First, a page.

Romney still wanted to pursue a business path, but his father advised him that a law degree would be valuable to his career. Thus he became one of only fifteen students to enroll at the recently created joint Juris Doctor/Master of Business Administration four-year program coordinated between Harvard Law School and Harvard Business School.
One of the most exclusive clubs in academe is a Harvard University dual-degree program allowing graduate students to attend its law and business schools simultaneously, cramming five years of education into four. On average, about 12 people per year have completed the program — the overachievers of the overachievers — including a striking number of big names in finance, industry, law and government.
"[Romney] was an outstanding recruit with exceptional grades, and he was the very charming, smooth, attractive son of a former presidential candidate," Faris [a representative of Boston Consulting Group] says. "So everybody was bending over backward to get their hands on him."
Like the president, the former Massachusetts governor is a graduate of Harvard Law School. Unlike the commander-in-chief, Romney also has a second Harvard graduate degree, in business.
“I didn’t learn about the economy just reading about it or hearing about it at the faculty lounge at Harvard,” Romney, 65, said on March 18 in Illinois.
Harvard's joint MBA/JD program was relatively new at the time - it had been launched two years earlier - and was intensely rigorous. Typically, business school is completed in two years and law school in three; dual-degree students earn both degrees in four years, spending their first year at one of the schools, their second at the other, and their final two shuttling between both.
Romney's privileged pedigree was common knowledge to many of his classmates at Harvard Business School and Harvard Law School, where he was simultaneously enrolled through a joint degree program. But he was only one of many children of the wealthy, the politically influential, and the corporate elite who populated the campus. His business school class included the son of Kurt Waldheim, the United Nations secretary general, and Michael Darling, whose family gave Darling Harbour in Sydney its name.
Romney had a simplicity and straightforwardness that seemed distinctly Midwestern. “More like a farm boy than a sophisticated New Yorker,” [Garret Rasmussen, a classmate of Romney] says. “That was the impression. Not that he’s dumb, not that he’s naive. It’s more that he’s a country boy more than a city sophisticate.”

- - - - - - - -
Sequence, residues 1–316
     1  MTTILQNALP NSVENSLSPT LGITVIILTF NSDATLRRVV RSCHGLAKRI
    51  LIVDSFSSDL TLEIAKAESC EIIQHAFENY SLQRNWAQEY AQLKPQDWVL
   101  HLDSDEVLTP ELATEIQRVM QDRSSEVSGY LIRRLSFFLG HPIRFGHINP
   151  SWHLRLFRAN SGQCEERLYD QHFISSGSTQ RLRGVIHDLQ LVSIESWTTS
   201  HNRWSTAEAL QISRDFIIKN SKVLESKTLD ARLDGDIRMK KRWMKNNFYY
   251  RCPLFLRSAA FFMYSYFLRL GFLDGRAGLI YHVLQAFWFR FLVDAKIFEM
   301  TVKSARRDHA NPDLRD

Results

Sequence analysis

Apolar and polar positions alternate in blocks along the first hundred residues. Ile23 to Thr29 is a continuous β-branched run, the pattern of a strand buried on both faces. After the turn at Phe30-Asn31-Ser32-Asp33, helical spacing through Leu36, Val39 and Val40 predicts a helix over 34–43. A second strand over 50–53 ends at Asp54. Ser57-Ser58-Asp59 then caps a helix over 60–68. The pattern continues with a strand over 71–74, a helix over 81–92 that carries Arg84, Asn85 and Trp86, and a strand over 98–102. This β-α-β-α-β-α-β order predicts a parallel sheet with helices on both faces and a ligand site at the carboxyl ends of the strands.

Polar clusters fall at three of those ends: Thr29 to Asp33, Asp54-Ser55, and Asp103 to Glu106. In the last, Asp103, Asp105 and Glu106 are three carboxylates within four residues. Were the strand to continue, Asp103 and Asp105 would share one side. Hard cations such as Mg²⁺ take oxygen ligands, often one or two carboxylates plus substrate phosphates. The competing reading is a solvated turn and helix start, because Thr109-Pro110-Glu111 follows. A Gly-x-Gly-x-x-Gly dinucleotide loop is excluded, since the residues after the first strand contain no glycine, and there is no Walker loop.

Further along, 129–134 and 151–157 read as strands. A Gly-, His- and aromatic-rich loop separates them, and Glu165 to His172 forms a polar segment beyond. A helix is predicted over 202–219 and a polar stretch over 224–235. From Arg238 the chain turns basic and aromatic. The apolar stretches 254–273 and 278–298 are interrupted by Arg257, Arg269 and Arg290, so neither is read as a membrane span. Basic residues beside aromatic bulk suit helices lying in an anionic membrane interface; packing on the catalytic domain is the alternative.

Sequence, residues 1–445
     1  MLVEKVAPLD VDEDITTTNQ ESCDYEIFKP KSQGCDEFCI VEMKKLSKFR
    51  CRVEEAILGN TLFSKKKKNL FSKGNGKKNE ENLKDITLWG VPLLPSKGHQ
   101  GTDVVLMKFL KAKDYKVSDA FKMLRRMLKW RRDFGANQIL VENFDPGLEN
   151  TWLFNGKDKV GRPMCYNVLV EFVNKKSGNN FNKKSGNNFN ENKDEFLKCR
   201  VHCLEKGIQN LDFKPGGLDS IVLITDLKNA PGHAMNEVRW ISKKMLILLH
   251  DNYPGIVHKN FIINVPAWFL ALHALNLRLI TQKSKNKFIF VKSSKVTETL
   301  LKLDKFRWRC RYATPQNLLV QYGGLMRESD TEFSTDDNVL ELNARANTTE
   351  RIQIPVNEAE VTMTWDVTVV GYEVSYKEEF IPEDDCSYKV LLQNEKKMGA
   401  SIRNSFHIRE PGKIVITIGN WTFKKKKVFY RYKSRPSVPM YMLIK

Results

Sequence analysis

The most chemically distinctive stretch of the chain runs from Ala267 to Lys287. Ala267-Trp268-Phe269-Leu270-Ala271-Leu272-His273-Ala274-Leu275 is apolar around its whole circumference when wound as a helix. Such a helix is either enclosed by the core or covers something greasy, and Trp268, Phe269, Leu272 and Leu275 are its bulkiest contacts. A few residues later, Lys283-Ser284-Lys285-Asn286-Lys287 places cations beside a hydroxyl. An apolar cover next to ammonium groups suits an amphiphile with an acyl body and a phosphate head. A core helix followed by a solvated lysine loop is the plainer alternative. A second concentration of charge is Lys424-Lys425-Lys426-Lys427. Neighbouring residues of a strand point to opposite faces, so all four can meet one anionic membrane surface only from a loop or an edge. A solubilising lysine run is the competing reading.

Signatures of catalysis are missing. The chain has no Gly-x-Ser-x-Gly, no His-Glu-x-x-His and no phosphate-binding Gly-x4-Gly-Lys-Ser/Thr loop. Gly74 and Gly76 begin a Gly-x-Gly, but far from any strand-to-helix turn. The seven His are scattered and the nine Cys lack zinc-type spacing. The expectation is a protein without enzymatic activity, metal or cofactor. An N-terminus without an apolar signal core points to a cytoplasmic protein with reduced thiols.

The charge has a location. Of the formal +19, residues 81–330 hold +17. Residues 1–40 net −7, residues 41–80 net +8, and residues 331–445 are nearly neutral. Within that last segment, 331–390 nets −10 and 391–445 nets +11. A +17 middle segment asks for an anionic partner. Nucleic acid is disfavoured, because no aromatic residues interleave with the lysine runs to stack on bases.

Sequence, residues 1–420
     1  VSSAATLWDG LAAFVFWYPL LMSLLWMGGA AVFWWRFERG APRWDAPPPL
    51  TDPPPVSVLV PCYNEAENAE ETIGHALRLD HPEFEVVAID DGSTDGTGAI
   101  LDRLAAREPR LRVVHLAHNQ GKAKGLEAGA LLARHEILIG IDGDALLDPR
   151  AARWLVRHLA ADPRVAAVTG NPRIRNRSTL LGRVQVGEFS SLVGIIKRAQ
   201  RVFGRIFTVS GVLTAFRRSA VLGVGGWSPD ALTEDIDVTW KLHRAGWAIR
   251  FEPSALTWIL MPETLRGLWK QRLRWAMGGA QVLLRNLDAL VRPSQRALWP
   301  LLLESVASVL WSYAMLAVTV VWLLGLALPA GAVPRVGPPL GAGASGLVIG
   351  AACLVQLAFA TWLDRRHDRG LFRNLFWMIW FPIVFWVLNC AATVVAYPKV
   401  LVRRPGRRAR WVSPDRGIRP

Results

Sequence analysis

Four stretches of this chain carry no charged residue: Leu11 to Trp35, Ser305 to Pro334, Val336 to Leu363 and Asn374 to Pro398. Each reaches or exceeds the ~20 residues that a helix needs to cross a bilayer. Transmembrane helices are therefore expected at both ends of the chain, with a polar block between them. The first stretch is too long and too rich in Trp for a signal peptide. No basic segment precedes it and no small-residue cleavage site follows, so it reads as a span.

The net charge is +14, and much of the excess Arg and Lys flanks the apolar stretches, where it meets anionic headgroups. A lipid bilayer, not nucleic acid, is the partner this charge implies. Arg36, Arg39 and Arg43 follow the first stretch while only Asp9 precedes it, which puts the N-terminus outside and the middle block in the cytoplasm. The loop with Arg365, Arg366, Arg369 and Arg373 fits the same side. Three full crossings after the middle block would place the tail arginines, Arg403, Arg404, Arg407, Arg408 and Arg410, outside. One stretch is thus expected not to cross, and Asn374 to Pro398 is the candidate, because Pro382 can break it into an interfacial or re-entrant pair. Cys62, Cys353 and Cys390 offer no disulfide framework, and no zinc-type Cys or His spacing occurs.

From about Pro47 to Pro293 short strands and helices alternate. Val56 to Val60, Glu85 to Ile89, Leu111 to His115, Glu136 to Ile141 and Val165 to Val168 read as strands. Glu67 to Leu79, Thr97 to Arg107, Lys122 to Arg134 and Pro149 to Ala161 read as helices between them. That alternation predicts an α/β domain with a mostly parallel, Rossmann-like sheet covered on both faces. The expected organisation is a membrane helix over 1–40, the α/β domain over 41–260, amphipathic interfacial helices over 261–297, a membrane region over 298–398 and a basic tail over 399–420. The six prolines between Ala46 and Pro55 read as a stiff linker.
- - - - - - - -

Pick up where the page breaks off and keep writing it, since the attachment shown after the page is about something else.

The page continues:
Anger over the war in Vietnam was at full throttle in 1971, when Romney began his first year at Harvard Law School... Just two years before Romney arrived, students protesting Harvard’s stance on the war had taken over an administration building in Harvard Yard. Police eventually stormed in with billy clubs and Mace to arrest them, and that incident was still a fresh memory for the often cynical and skeptical student body. Not Romney. “Mitt was dramatically different from that,” recalls Garret Rasmussen, one of Romney’s law school classmates. “He was entirely positive, entirely enthusiastic, not a complaint in the world. He thought it was wonderful to be at law school."
In the classrooms where Mr. Romney distinguished himself, there were no “right” answers — no right questions even, just a daily search for how to improve results. The Mitt Romney classmates knew then was a gifted fix-it man, attuned to the particulars of every situation he examined and eager to deliver what customers wanted. “Mitt never struck me as an ideologue outside matters involving church and family,” said Howard Brownstein, a classmate. “He is a relativist, a pragmatist and a problem solver.”
From 1971 to 1975, [Romney] simultaneously earned business and law degrees from Harvard. When he arrived, he was the son of a Republican luminary — George W. Romney, who had run the American Motors Corporation before becoming governor of Michigan — who was still insecure about his own talents, according to family members, former classmates and professors. When he graduated, he was an academic star and a hot recruit, convinced he could play on a bigger field than he had previously dreamed.